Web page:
A generation ago, mobile phones weren’t the hermetically sealed objects of aluminum and glass that we use today. The phones’ SIM card slots were easily accessible through sliding rear panels. The battery could be swapped out, which was a major plus. However, this strategy is no longer often used in the design of smartphones.
Sealed phones are highly frequent because of the popularity of bigger, thinner handsets with characteristics like water resistance and replaceable back panels and batteries are becoming rare. However, this may soon change. This is due to the EU’s consideration of reverting to user-replaceable batteries.
Starting in 2024, all cell phones marketed in the European Union must support the USB-C standard. The shift in thinking about batteries is also motivated by a desire to reduce electronic waste while also improving sustainability. However, the EU isn’t satisfied with just removable and replaceable batteries. In its place, it proposes revamping the whole battery production and disposal process. EU regulations mandate that, at minimum, 16% of cobalt, 85% of lead, 6% of lithium, including 6% of encapsulated nickel be salvaged from recycled sources as part of a reworked manufacturing cycle.
It has given businesses 3.5 years to rethink battery manufacturing and distribution after requiring them to make changes. The European Parliament and Council agreed to the EU’s new guidelines on Friday. Thus, the process has already begun. The batteries in smartphones nowadays are neither user-serviceable nor changeable. It’s necessary to bring your whole smartphone to the local service center for repairs if the battery begins to exhibit indications of aging (rapid depletion, sluggish charging, bloating) or if it’s completely dead.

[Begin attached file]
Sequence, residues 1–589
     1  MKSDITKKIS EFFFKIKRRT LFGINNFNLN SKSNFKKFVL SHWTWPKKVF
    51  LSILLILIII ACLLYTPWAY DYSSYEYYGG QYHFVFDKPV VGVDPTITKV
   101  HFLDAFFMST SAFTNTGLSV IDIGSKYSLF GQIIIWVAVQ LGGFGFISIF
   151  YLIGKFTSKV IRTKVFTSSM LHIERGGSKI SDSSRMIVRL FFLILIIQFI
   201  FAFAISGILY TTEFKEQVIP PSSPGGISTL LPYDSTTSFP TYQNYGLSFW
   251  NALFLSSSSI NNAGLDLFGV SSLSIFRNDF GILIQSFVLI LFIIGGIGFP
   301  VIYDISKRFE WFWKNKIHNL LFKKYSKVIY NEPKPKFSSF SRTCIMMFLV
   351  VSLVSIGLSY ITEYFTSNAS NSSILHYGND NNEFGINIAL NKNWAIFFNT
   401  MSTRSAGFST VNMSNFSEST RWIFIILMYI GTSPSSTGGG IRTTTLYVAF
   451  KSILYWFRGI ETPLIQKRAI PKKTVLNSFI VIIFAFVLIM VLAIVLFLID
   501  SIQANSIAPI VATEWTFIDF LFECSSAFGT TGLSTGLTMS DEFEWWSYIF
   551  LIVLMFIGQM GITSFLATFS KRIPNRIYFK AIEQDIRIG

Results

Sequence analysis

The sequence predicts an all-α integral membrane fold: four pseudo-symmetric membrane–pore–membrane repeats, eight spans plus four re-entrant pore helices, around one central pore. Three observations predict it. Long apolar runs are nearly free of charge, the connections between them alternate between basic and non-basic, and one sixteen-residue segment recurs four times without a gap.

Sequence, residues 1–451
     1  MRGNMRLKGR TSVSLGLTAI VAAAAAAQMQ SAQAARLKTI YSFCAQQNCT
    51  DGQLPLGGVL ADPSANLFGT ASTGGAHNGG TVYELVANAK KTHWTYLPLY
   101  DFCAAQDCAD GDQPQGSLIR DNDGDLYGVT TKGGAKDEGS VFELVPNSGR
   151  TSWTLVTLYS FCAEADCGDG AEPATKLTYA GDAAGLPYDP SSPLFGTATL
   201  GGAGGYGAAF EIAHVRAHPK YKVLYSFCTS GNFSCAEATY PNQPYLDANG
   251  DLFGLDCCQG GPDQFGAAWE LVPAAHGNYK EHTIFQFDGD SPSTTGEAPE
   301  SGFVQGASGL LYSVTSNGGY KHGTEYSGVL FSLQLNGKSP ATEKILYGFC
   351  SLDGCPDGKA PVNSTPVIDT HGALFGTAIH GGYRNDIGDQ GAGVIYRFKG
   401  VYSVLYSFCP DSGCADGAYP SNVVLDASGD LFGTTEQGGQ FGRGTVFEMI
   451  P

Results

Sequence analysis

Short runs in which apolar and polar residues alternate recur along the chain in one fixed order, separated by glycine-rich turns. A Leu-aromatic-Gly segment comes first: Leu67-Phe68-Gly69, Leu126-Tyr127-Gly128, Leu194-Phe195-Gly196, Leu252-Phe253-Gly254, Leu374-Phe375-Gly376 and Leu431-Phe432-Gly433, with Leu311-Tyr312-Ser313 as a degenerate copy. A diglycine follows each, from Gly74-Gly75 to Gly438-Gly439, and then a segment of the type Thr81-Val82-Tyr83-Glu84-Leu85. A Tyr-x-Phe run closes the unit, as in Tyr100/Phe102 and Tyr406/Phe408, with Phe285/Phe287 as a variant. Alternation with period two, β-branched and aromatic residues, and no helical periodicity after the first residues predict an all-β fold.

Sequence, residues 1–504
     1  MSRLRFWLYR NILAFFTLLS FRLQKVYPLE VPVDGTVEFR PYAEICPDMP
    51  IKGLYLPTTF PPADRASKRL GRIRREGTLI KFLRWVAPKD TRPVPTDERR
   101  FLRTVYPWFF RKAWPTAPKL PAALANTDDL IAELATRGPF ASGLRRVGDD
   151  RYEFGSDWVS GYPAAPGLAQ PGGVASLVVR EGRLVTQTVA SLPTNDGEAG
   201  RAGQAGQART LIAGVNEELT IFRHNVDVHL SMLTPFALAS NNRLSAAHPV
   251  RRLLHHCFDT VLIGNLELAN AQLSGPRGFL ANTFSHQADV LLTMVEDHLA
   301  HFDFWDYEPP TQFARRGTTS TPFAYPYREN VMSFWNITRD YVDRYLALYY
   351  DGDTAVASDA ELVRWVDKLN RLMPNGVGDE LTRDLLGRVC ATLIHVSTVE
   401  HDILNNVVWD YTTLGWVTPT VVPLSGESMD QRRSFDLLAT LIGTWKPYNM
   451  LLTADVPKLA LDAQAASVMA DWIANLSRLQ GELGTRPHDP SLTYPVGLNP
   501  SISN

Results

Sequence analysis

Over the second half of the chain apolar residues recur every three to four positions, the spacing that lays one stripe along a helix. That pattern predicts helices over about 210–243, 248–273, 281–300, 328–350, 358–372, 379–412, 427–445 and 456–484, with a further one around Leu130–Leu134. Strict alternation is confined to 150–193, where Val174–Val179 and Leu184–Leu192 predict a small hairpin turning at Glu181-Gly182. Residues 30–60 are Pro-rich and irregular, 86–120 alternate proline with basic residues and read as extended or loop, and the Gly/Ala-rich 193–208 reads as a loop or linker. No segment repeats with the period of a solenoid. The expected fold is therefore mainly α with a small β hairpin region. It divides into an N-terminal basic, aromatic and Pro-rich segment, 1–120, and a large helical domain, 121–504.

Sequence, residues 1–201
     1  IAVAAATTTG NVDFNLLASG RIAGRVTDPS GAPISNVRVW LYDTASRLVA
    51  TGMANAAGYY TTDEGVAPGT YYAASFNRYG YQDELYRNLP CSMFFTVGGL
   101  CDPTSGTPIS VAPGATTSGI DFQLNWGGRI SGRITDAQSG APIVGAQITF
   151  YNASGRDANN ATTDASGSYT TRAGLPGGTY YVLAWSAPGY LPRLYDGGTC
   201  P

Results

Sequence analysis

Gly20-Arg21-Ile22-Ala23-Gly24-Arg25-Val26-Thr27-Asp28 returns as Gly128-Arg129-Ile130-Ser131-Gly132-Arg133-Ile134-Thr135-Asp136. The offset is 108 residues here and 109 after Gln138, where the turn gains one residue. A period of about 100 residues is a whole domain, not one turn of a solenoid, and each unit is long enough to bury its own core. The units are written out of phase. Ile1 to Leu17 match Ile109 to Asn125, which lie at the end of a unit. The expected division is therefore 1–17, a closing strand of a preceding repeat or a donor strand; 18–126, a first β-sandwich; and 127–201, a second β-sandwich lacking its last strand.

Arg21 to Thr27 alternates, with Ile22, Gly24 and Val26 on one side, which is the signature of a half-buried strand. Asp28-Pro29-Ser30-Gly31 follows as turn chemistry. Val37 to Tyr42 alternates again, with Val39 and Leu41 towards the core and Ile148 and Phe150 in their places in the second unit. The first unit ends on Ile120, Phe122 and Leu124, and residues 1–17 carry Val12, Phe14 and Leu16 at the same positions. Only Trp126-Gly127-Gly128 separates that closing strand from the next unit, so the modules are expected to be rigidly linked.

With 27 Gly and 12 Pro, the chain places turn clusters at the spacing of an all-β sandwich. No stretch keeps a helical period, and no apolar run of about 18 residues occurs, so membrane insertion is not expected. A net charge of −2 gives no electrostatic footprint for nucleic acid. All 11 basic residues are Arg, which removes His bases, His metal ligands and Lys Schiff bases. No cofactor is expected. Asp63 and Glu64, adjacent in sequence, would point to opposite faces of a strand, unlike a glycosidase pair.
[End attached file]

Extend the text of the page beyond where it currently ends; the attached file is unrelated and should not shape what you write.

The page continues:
Consumers find this inconvenient, and as a result, many choose to purchase a new mobile device altogether. This is particularly true for budget cell phones since the price of repairs after the warranty has expired is typically high enough to dissuade owners from doing the work themselves.
Will It Affect Us?
There may be a lag time before we notice results after the regulations are implemented. However, whether or not India will see similar improvements once smartphone manufacturers switch from hermetic to replaceable batteries is yet unknown. It’s possible that many Android handsets, which are mass-produced in Europe and elsewhere, may be unaffected by the battery problem, in contrast to the iPhone and its choice to include USB Type-C connectors. Companies like Xiaomi, for example, are known to produce regionally specific types of smartphones; thus, this shift may not impact their product lines in the Asian market.